Parts of the Quiver Tree Forest consists of mature trees only. Other patches include saplings. Will new trees grow in this spot after these ones die? Are there enough young trees, given the eighty-year life expectancy of the average quiver tree to sustain the forest? What factors determine or favour the growth patterns here? What did the forest look like fifty and a hundred years ago?
Some of these questions can be answered by science or the local community, never all. Climate change is hotting up as a topic in many minds today, its full story unfolding gradually as some in the world watch with trepidation. What awaits humanity from this threat? Aloidendron dichotomum is already affected according to field surveys. A 36 percent decline in the species population is projected in one century that has already started.
Human impact on the environment and its preventable part are contested aspects of the debate raging sporadically but increasingly. Even if the ambient earth temperature isn't rising, the debate concerning it is certainly rising in participants, depth of argument and vehemence.
It’s not an easy issue. The average citizen can only judge the sense of it from confusing mixed messages in the media. Scientific results are complex, abstruse and to some inaccessible. They largely and increasingly converge on the positive answer that our actions do cause climate change and we can improve matters by improving our ways. Top leaders confuse matters by ignoring or denying the presented evidence. Public opinion is not nearly clear and conclusive, let alone unanimous.
Politicians have neither agreement nor widespread enthusiasm for the topic. Climate change holds risk for political careers, voter approval being as changeable as it is. Voting about facts one is incapable of verifying, is a silly activity at the best of times, but as the evidence mounts, impact of the issue may become decisive in future elections.
Humanity has never been at this point, never before been asked to babysit its planet. We’ve never fully recognised its crying, even if we could hear it. What do the climatic extremes of our time really mean? What views will responsible citizens adopt about promised inconveniences, carbon tax and whatever else may be in the offing?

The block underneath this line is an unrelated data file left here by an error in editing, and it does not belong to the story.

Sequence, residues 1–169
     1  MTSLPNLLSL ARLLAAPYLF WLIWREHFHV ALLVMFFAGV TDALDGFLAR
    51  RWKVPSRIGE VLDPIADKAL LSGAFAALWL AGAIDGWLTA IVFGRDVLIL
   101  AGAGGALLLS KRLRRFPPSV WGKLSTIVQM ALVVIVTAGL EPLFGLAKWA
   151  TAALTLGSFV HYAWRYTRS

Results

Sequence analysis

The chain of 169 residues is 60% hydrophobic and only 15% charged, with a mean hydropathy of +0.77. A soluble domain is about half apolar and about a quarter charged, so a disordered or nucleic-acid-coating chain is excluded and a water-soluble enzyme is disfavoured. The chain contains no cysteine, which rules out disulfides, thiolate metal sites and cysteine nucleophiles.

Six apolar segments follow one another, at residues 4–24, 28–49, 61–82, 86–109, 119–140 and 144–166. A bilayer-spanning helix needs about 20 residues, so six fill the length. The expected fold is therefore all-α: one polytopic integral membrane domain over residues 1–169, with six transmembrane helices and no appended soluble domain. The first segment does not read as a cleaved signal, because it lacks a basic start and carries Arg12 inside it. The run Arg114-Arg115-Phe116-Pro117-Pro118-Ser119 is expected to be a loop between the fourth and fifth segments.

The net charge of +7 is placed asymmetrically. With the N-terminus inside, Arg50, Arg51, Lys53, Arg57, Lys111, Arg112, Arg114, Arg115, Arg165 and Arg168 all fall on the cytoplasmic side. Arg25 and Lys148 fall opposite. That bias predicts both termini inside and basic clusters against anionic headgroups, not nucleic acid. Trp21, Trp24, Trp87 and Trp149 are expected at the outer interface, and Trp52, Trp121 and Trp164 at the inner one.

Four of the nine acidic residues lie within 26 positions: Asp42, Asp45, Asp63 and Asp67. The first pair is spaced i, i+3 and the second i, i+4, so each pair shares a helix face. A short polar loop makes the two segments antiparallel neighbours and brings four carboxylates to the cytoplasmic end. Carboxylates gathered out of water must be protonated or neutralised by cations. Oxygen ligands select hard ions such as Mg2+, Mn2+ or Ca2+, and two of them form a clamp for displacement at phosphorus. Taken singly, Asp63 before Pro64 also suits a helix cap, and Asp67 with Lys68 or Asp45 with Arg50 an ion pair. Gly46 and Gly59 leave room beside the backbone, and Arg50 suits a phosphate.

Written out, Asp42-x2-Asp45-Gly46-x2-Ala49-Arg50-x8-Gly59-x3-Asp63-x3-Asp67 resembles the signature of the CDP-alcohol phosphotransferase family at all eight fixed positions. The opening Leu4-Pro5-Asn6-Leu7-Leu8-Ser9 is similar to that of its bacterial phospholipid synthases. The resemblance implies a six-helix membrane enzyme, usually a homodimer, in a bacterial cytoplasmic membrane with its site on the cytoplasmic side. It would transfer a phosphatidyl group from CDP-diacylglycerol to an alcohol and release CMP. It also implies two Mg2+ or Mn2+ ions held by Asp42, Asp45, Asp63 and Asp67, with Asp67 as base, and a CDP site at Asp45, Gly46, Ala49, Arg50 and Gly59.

Convincing many people of a new need is important if only a concerted, large scale effort can improve matters. Lifestyle sacrifices, changed consumer habits and even family planning are required. Empirical evidence rather than stronger arguments will more likely turn minds in the ranks of the unwilling. Can cyclone, ice and deluge make us put untried plans in place on a big scale? How much time do we have, or is it already too late? Isn’t the green cause a mere social pathology? Proof of the need is elusive or too complex for the ordinary citizen to be convinced yet. While we’re speculating, time may be running out or may have run out.
Whatever the answers, some small part of any conservation and turnaround endeavour has to be local, implemented right here among farms and veld as well as everywhere. Wide participation is crucial for a decent start. Fortunately one doesn’t need so much global knowledge to fix one's backyard. Controlling the grazing by livestock or game, preventing damage to desired plants, removal of undesired ones, dealing with plastic, littering and habitat destruction while planting trees are comparatively clear choices and easy to do. These things are good locally whatever the big truths about climate change turn out to be.
Air and water pollution, aligning mining and industrial practices call for more wide-ranging schemes. Decreases in rainfall patterns and many climatic phenomena are beyond human control in the eyes of many, most or all. Changing human behaviour on a large scale requires logic based on compelling evidence. And one man’s common sense is still the next man's alarmist rhetoric.
The belief issue here is secular, believers and unbelievers separated by what they observe, understand and become convinced of. The global race has started in places, is starting or about to start in others, although its direction, speed and marshalling are not at all clear.
Living with disruptive climate cycles, increasingly beyond human control or comfort is happening now. (Or not, according to the grandfather down the road who has seen it all and remembers a bigger storm from his youth.)
Even urban dwellers are nervously watching the weather these days, a farmers' pastime of old (Wikipedia; http://redlist.sanbi.org).